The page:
The Decline of Western Civilization (1981) movie poster

director Penelope Spheeris
viewed: 10/04/2015

On Friday, I noticed that Fandor had added a number of great movies to their selection, things I was keen to see, like Things (1989) and Penelope Spheeris’s entire Decline of Western Civilization series of films.  Fandor, I’m digging it!

Of the three films, the only one I had ever seen was the first, The Decline of Western Civilization.  I may have seen parts of the second film, but I definitely have still not yet seen the third one though I remember when it first came out and I’ve been waiting for it to become available for years.  It was only earlier this year that Spheeris had the trilogy released on a DVD box set.  So you can know that I’ll be watching the latter two toot sweet.

While I’ve never seen the other films, I’ve actually seen this one multiple times, most recently having a version dubbed on VHS.  I’ve also watched the X and Fear segments many times on YouTube.  So, though it’s been over a decade since I last watched it in full, I am quite familiar with it, as I am with the later X documentary X: The Unheard Music (1986) (which is also available on Fandor, by the way.)

I first saw Decline back in the mid-1980’s and at the time probably liked the Black Flag, Circle Jerks, and Fear segments the most.  I was into hardcore punk and the only thing that I really didn’t like was that the movie was old (probably 4 or 5 years old at the time).  I was into bands that were happening in the “now” of then, and by then, X was a much more commercial prospect.  I liked their music okay, but got much more into it as I got older.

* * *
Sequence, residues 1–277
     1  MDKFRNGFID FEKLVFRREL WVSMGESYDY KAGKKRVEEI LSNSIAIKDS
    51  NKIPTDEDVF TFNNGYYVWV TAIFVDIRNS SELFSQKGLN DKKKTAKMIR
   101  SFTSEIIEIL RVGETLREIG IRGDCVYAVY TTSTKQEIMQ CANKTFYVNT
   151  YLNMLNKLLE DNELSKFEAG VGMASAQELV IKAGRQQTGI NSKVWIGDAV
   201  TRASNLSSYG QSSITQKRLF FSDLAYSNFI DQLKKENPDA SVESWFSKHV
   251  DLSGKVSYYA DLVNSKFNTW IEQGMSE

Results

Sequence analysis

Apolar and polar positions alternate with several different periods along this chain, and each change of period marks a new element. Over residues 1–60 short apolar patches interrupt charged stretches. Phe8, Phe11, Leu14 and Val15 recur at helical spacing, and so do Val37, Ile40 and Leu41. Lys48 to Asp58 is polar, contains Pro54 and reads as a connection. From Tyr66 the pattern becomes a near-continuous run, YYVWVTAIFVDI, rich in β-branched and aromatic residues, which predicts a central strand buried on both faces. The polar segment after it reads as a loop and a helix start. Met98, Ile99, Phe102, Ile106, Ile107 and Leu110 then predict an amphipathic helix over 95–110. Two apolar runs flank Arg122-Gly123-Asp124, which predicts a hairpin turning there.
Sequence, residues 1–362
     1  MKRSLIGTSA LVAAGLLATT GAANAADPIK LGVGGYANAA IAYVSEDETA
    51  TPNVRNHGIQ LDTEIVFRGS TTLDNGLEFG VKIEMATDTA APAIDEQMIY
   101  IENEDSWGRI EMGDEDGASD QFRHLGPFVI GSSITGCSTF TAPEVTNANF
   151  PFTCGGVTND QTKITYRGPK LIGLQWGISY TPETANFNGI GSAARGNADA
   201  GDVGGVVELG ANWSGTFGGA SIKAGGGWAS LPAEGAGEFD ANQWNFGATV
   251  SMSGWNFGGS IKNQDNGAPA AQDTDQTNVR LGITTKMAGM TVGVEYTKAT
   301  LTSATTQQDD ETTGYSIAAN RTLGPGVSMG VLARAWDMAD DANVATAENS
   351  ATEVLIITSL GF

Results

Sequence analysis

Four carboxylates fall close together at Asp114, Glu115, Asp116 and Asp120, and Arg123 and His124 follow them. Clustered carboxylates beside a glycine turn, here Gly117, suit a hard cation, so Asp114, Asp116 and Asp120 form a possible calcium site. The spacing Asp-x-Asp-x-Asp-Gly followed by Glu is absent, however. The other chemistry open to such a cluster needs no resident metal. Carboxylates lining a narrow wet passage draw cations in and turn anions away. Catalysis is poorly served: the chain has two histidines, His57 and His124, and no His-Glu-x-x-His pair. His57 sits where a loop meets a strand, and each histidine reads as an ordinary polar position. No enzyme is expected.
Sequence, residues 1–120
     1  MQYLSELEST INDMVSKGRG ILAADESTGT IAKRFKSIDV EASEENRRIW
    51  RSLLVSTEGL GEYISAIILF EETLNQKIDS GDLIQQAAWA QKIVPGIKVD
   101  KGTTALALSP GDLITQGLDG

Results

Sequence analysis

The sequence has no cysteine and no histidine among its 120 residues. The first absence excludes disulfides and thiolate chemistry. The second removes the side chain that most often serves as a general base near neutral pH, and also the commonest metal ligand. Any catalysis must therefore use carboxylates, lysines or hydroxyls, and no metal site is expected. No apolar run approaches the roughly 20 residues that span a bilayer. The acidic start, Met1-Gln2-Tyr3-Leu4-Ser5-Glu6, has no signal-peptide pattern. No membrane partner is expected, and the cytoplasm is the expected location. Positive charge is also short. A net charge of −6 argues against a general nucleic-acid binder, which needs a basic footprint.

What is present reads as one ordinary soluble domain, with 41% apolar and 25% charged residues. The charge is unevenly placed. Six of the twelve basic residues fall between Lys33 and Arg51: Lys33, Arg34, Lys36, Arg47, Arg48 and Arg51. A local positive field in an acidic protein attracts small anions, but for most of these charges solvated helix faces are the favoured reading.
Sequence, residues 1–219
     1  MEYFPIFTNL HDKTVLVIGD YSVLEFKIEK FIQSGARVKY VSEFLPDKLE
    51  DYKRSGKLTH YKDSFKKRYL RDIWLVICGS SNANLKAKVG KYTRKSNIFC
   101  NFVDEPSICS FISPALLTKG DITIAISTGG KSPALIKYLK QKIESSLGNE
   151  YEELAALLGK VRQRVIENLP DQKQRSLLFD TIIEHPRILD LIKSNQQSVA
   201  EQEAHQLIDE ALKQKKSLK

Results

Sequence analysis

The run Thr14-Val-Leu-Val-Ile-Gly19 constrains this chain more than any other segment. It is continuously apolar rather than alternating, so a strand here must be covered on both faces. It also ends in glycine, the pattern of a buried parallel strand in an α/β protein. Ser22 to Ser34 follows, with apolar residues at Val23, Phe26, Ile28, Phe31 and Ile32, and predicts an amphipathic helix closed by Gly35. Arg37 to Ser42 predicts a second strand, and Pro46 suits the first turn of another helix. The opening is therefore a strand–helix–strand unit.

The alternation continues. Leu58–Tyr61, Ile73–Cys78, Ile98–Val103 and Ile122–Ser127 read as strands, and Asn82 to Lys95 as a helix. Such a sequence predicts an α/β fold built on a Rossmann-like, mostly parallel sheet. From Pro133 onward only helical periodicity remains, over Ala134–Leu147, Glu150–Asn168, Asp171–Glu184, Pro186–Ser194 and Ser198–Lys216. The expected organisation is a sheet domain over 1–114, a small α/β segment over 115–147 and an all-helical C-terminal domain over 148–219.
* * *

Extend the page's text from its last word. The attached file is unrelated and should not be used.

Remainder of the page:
For more than 25 years, X has been my favorite band, so I’ve watched this and appreciated it for seeing them in their prime, both onstage and off.  Watching Darby Crash crash everything, knowing that he was dead within a year or so of this movie’s filming, had different points of interest and curiosity.  I’ve gotten into The Germs over the years, but he’s such a hot mess, it’s hard not seeing the end coming sooner.

Overall, the film is an amazing glimpse into the culture and scene of Los Angeles punk at its red-hot best in the late 1970’s.  You only wonder why this band or that band wasn’t included, so many great ones aren’t there.  And a couple lesser bands made the cut.  The Fear sequence has some rather appalling homophobic humor in it, which is too bad because the way they are baiting their audience is otherwise pretty hilarious.

I watched the film with my 11 year old daughter and just turned 14 year old son.  My son is getting into music and I thought he would be interested.  I wanted to show my daughter X.  She hears me talk about them being my favorite band and asks questions.

What did the kids think of the movie?  I don’t know.  It’s 35 years old, and as much as it captures some greatness, it also captures some inanity, some from the young kids Spheeris interviews, some from the bands in their own interviews, some just from the bands in general.

Still, it’s a remarkable artifact.